Brehanu had a good childhood growing up in Northern Ethiopia. He was close to his parents, and started herding goats at age 14 to earn extra money for the family. He spent most of his days in the forest with the livestock, and eventually became sick with an aggressive bacterial infection. His illness grew worse, and his body ballooned up – so swollen that he couldn’t walk. Brehanu’s parents tried traditional medicines and prayer, but he did not improve. It had become apparent that he would not recover, and as the fever broke and swelling went down, Brehanu could no longer use his legs. Because people with disabilities were shunned in his small town, he was rejected by his community. Even his family no longer wanted him as their burden. Brehanu said, "I fled and came to Addis Ababa. I couldn’t find shelter in the city and was forced to live on the streets. I tried creating my own portable shop, where I sold soap and household items. While doing that work I met Melkam, who was working at a small local restaurant. ” Brehanu became friendly with Melkam, and she confided that a man in the community was violently molesting her. She was terrified and felt trapped because no one would protect her.
Melkam said, "Brehanu said he had an idea to help me. He spoke to the abusive man in a peaceful manner explaining the laws of violating women. After that, that man never bothered me again. I couldn’t stop thinking about Brehanu and his kindness, and realized I had fallen in love with him. We became closer, and he asked to visit my family. Originally I said ‘no’, but he insisted. Finally, I agreed, and he asked my family for my hand in marriage. I said yes, but my family was not happy with my decision. They challenged me constantly, saying ‘why are you with a disabled man when you are healthy and beautiful?’ We faced a lot of challenges and oppositions." But 20 years later, Brehanu and Melkam are still happily married.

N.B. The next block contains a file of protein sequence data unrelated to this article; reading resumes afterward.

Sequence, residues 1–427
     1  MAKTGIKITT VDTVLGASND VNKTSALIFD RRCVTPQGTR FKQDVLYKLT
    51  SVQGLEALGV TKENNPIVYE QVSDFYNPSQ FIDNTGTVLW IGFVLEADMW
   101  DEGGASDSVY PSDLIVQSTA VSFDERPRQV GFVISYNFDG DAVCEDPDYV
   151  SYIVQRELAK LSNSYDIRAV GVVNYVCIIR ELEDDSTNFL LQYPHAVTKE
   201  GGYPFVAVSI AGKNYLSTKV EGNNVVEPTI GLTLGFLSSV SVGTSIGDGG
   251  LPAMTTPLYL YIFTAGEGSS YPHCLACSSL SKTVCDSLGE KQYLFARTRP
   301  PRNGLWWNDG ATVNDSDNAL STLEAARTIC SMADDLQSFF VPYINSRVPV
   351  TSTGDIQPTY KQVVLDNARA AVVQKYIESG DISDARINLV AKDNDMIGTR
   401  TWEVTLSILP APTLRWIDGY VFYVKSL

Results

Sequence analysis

Brehanu said, "I am very grateful for her commitment and kindness. I have no words to express how much she sacrificed to live with me. Despite the heavy challenges, we both enjoy our loving relationship and beautiful kids.”
Despite his disability, Brehanu is hardworking and creative. He currently runs a shoeshine stand. Because his makeshift wheelchair is heavy and cumbersome, Melkam goes out with Brehanu every morning to help push the chair up the hill, and then returns home to take care of their baby. Brehanu is also in the process of getting his commercial license to drive a bajaj, which is a three-wheeled taxi much like a tuk-tuk. He has learned to modify the pedals to the handlebars so that he can drive safely.
Brehanu’s family lives in an unzoned area of Ethiopia with very little governmental support for the community. His family recently joined Lelt’s programs. He said, “I never had the opportunity to receive support from nonprofit organizations before. Last month was the first time I got help from anyone, with the distribution of Lelt’s food rations. We didn’t have anything at home to eat and all the money I earn goes to rent. But, Lelt’s intervention has sustained my family's lives. We’re so grateful for the support and care from Lelt’s staff at Suki-Mariam Community Center!”